There are many ways to treat items that are infested with bed bugs, including using heat. While some items can easily be placed in your clothes dryer, other items are more delicate and can't withstand the tumbling. For these items, you may want to try heat treating them in your hot car on a summer day. Here are three tips for heat treating infested items in your car.
Securely bag the infested items
Even on a hot day, some areas of your car will be cooler than others. While the surfaces of the seats and the dashboard may be very hot, the shaded areas underneath the seats may be cooler. If you don't bag your items, the bed bugs could flee into these cooler areas and survive the heat treatment. If bed bugs get loose inside your car and survive, you'll have an infested car in addition to the infested items you were trying to treat.
Place the infested items inside garbage bags and tie the bags tightly. For extra protection, double bag the items. You can also tape the tied end of the bag shut with duct tape or packing tape to make sure that no bed bugs can squeeze past your knot.
Don't overload the bags
If you're treating a lot of infested items—like a full bag of delicate clothing—spread them out between multiple well-sealed bags. This is important because the entirety of each item needs to reach a high enough temperature to kill any bed bugs that are present. If you put an overloaded bag of clothes in your car, the clothes in the center of the bag could be shielded from the heat. This could allow the bed bugs to survive!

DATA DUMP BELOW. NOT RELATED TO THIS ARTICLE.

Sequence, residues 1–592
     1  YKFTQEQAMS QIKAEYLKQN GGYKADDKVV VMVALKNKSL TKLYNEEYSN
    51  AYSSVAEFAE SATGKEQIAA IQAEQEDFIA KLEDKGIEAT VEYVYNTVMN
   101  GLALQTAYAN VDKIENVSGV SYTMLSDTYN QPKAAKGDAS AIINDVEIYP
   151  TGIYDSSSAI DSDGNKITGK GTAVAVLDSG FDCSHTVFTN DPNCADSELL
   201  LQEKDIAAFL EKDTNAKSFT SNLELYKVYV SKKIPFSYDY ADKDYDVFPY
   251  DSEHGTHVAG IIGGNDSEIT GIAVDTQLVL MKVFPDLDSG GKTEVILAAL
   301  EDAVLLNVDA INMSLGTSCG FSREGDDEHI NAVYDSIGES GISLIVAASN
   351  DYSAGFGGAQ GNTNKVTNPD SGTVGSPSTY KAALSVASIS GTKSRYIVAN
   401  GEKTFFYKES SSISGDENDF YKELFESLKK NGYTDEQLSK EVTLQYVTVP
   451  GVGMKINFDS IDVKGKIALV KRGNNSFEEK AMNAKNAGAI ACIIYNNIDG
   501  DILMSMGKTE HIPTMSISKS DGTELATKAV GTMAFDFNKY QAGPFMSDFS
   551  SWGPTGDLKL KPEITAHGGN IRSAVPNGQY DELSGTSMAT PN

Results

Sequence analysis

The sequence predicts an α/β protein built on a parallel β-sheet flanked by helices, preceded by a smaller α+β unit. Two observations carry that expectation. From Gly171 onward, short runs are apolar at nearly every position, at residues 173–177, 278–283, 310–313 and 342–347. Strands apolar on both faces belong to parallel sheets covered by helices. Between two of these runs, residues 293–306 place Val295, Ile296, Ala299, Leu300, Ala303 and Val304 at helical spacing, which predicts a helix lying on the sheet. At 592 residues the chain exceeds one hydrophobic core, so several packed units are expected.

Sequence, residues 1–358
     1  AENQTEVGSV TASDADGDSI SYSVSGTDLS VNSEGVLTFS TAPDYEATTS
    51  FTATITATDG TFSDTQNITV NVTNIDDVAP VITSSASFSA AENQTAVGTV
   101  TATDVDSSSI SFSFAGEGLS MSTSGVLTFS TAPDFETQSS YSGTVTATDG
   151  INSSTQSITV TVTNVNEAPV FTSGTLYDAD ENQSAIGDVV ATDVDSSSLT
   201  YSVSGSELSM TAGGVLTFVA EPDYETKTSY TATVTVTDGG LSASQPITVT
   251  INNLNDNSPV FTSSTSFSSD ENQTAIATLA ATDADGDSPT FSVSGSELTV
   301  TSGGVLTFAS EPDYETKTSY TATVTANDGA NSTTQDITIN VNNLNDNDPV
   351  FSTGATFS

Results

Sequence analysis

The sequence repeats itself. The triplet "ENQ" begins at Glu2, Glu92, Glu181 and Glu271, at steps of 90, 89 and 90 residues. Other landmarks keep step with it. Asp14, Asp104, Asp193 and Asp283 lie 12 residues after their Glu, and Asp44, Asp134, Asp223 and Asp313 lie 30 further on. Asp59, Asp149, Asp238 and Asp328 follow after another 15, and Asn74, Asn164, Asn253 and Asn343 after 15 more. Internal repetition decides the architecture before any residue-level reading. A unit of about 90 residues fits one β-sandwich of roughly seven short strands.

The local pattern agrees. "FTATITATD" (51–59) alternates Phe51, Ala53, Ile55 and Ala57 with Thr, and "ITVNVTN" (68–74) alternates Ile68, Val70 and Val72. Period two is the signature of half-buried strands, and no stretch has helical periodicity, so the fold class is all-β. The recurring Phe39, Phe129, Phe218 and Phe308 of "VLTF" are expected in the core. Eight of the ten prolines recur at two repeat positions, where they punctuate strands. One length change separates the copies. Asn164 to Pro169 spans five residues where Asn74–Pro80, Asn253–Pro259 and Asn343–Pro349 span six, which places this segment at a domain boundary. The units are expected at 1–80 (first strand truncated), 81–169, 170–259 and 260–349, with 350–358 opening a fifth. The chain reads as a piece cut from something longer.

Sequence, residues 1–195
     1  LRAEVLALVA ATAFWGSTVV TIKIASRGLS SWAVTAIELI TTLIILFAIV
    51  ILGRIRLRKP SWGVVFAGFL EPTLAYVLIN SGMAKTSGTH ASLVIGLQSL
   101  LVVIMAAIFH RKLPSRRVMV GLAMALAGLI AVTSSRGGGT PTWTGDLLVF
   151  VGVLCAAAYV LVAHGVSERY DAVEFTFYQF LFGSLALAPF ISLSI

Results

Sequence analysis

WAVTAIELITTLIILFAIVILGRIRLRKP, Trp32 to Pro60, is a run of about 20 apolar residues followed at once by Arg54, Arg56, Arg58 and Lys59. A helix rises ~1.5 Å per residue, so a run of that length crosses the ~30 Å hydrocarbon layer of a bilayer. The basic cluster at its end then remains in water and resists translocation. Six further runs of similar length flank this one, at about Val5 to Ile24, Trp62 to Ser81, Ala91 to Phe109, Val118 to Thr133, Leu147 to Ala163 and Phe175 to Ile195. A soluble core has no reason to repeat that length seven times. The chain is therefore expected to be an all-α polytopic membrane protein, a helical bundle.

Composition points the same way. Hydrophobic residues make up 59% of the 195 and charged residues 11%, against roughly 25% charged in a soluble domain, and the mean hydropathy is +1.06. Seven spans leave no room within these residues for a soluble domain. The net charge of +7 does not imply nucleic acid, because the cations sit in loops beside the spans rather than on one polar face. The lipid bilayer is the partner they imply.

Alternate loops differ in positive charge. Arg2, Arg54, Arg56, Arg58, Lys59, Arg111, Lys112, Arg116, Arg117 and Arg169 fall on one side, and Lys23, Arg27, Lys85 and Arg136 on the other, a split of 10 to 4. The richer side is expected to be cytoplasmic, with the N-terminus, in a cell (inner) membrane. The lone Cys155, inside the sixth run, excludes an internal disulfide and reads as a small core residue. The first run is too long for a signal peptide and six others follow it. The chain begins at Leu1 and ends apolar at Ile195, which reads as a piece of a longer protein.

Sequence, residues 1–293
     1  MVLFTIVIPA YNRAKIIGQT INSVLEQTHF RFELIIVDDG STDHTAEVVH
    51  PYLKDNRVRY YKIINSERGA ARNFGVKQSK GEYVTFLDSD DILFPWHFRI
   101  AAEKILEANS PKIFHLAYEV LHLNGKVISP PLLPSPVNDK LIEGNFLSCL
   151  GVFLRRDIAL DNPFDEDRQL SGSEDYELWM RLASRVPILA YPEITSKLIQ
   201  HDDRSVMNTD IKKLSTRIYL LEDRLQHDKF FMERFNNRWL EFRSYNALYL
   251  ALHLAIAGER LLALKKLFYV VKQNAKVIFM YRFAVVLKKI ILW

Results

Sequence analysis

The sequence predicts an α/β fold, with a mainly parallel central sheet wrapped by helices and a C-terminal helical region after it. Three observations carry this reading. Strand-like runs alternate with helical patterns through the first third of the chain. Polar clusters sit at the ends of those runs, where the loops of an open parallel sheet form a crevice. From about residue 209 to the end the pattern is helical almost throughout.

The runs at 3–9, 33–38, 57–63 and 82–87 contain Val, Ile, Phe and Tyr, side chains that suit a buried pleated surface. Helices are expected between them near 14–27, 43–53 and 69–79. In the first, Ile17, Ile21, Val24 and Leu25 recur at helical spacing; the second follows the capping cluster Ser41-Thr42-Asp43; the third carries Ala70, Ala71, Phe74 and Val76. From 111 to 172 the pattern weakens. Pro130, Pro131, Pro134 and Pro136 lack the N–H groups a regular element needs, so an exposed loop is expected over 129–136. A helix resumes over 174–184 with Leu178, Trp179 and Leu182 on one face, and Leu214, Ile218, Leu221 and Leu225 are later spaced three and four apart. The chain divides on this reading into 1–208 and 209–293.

Use a thermometer
The interior of your car will get hot quickly on a summer day, but you'll need to use a thermometer to know if the temperatures are hot enough to kill bed bugs. For example, when the outside temperature is 70°F, the interior of your car will only reach 104°F after 30 minutes; this is uncomfortably hot for a person, but it won't kill the bed bugs. Adult bed bugs die after being exposed to temperatures of 118°F or more for 20 minutes, while their eggs take 90 minutes to die at those temperatures.
If you don't have access to a thermometer, choose a very hot day to ensure the car gets hot enough. When the outside temperature is a sweltering 95°F, the inside of a car can be expected to reach 129°F within 30 minutes, which is more than enough to kill bed bugs.
A hot car can kill bed bugs that are infesting your delicate items, but only if you're careful. If you're not able to kill the bugs inside your car, a pest control company can heat treat your items in a cabinet designed for this purpose. Check out a pest control company by visiting a site like http://www.philadelphiapestsolutions.com.